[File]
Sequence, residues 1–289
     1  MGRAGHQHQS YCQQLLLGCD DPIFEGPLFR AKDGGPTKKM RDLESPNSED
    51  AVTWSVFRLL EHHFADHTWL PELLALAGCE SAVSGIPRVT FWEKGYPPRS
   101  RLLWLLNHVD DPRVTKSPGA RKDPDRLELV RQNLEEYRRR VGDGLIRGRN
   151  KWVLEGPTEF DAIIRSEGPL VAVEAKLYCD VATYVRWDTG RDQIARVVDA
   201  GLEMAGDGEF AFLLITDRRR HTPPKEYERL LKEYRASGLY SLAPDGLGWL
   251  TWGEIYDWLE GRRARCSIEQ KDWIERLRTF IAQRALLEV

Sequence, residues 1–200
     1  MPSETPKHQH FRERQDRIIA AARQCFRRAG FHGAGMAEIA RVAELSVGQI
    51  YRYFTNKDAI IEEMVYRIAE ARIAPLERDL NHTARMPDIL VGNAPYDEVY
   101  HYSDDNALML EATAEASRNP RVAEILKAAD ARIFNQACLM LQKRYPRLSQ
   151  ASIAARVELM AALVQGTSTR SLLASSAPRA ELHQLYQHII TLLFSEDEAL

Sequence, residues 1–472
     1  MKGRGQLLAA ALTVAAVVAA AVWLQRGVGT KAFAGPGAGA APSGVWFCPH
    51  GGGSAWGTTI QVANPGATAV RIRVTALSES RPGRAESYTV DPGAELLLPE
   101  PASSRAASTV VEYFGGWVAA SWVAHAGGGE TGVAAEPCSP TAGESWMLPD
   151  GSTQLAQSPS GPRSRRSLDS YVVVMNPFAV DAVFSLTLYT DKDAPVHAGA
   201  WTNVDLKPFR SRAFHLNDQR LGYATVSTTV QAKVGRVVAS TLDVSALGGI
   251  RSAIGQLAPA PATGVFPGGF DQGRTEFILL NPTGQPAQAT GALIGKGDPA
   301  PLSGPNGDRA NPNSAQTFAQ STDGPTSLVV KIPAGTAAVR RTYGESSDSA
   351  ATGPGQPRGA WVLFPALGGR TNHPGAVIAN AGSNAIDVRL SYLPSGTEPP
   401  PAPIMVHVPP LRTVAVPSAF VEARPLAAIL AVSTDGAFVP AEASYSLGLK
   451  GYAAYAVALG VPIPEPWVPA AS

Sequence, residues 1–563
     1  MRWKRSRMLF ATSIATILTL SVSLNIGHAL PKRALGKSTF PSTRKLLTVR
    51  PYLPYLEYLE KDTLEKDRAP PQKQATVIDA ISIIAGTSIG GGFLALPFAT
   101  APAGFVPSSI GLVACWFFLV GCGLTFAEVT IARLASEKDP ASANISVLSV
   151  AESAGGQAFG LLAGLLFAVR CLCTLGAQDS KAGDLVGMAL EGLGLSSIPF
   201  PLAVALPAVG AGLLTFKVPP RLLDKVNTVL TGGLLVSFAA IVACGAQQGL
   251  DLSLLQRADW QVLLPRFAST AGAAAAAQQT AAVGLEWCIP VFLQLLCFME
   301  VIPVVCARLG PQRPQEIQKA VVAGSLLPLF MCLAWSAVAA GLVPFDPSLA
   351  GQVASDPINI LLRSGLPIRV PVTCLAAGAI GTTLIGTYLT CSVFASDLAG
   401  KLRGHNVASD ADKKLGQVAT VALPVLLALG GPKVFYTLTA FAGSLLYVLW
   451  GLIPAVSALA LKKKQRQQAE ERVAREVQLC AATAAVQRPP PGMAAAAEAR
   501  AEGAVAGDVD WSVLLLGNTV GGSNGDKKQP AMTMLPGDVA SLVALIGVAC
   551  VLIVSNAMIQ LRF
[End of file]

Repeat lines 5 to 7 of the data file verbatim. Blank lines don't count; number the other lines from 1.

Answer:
   151  KWVLEGPTEF DAIIRSEGPL VAVEAKLYCD VATYVRWDTG RDQIARVVDA
   201  GLEMAGDGEF AFLLITDRRR HTPPKEYERL LKEYRASGLY SLAPDGLGWL
   251  TWGEIYDWLE GRRARCSIEQ KDWIERLRTF IAQRALLEV